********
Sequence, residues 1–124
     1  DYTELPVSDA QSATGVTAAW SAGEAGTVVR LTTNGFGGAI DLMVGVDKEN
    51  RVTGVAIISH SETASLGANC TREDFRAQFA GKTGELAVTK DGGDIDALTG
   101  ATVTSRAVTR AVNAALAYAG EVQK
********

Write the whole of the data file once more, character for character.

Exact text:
Sequence, residues 1–124
     1  DYTELPVSDA QSATGVTAAW SAGEAGTVVR LTTNGFGGAI DLMVGVDKEN
    51  RVTGVAIISH SETASLGANC TREDFRAQFA GKTGELAVTK DGGDIDALTG
   101  ATVTSRAVTR AVNAALAYAG EVQK